LONDON — A British explorer who went missing during an expedition to find an indigenous tribe in Papua New Guinea has been found alive and well.
Benedict Allen, 57, is safe and currently waiting to be rescued at a remote airstrip, according to a statement released Thursday by his management agency.
The explorer and television presenter was dropped into the rainforest by helicopter last month. He was travelling alone and wasn't carrying a satellite phone or any GPS devices.
The alarm was raised that he was missing when he failed to catch a flight out of the country Monday.
Keith Copley, the coordinating director for New Tribe Mission in Papua New Guinea confirmed that Allen was "safe, well and healthy" and is located at a remote airstrip 20 miles northwest of Porgera, Enga Province in central Papua New Guinea, the statement said.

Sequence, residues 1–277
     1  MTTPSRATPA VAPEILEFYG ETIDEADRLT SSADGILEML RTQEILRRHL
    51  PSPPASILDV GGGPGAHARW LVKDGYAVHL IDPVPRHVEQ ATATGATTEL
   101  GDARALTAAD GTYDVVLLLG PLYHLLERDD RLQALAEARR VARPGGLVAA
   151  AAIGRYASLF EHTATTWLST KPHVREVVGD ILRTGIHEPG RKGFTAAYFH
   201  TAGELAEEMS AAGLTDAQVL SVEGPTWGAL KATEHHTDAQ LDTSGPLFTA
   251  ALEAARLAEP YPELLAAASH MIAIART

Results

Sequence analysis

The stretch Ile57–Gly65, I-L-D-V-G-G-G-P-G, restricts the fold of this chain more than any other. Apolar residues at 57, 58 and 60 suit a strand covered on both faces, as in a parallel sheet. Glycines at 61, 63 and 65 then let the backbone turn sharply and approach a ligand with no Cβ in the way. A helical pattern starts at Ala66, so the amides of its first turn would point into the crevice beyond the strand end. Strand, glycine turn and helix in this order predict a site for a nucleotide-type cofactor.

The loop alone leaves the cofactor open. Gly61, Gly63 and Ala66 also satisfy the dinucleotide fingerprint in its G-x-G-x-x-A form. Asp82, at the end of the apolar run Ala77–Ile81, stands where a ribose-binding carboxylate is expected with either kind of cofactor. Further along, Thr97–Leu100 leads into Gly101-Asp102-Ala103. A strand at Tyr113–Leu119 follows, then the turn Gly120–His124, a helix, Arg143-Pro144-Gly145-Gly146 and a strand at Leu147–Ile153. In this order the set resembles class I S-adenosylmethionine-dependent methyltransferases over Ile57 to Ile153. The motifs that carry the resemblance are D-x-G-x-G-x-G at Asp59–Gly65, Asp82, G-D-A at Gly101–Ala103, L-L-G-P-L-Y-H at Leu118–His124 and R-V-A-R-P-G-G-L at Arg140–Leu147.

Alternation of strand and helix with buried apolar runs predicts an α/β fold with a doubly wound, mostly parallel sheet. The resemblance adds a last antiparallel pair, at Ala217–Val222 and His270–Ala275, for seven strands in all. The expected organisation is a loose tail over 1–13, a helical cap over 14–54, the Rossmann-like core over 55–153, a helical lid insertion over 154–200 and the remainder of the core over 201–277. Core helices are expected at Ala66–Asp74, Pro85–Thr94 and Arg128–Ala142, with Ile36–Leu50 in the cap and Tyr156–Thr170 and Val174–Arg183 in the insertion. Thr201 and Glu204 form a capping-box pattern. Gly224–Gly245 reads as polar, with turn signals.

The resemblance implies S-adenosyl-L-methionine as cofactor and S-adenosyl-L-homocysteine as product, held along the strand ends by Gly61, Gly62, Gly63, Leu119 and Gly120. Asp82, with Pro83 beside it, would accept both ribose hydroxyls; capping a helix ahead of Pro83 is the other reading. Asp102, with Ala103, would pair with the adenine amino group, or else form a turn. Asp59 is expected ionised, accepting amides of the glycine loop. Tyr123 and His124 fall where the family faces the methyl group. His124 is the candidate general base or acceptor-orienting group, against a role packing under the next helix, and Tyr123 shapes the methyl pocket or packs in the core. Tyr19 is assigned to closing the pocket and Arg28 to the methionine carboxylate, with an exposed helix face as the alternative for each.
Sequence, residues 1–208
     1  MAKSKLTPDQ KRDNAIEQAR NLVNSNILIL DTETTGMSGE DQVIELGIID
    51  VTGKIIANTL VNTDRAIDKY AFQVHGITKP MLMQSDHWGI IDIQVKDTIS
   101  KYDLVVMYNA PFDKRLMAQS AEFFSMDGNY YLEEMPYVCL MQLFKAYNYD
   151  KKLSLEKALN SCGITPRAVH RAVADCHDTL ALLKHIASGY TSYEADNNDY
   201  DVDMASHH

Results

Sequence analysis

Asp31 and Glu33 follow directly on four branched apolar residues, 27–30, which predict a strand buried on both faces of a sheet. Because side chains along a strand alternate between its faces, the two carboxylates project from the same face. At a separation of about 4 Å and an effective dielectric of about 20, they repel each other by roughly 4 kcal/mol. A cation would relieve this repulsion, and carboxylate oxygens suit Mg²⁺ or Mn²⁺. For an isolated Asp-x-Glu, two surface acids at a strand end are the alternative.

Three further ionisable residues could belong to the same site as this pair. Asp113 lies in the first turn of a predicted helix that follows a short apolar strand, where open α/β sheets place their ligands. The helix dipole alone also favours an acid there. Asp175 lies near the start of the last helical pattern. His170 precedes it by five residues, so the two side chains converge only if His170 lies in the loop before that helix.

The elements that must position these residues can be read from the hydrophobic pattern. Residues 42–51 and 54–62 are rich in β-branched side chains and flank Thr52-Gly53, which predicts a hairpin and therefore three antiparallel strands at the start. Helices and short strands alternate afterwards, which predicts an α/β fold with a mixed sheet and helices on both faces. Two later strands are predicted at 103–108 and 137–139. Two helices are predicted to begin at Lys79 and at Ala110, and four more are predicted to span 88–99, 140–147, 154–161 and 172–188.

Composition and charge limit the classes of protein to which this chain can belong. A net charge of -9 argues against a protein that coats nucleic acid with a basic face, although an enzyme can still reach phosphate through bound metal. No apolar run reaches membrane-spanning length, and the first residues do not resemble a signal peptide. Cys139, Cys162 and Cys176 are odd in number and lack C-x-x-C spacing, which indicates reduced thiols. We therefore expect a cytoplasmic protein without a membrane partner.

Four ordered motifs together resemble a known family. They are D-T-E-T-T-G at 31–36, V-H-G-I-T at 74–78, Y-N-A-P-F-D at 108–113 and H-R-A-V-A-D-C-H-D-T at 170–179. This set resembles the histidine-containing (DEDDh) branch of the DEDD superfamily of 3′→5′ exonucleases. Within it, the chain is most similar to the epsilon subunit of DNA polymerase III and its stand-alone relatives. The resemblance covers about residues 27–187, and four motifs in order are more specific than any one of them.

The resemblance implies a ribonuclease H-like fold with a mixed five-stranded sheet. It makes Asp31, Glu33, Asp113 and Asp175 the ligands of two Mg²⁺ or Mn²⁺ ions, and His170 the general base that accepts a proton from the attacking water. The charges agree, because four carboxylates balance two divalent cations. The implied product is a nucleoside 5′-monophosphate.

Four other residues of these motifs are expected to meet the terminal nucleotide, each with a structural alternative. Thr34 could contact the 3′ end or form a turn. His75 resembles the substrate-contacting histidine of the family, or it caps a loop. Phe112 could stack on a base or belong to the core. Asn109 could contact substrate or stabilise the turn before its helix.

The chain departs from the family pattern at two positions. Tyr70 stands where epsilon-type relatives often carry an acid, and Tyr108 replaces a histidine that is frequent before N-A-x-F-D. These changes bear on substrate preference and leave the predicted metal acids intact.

The exact location of the airstrip is still being confirmed and the evacuation would be arranged as soon as possible, it added.
Allen was hoping to make contact with the reclusive Yaifo tribe, which he had encountered in a mountainous area some 30 years ago.
The explorer is well-known in the U.K. for TV documentary programs in which he travels to remote parts of the planet without any form of modern technology.
In a blog post published in September, he warned that he would not have an obvious means of returning to the outside world — which he said was "somewhat worrying, especially at my advanced age."
He explained that the aim of the trip was to create a brief record of how the tribe lives and possibly track down some of the people he met in the 1980s. It remains unclear as to whether he managed to make contact with the tribal people.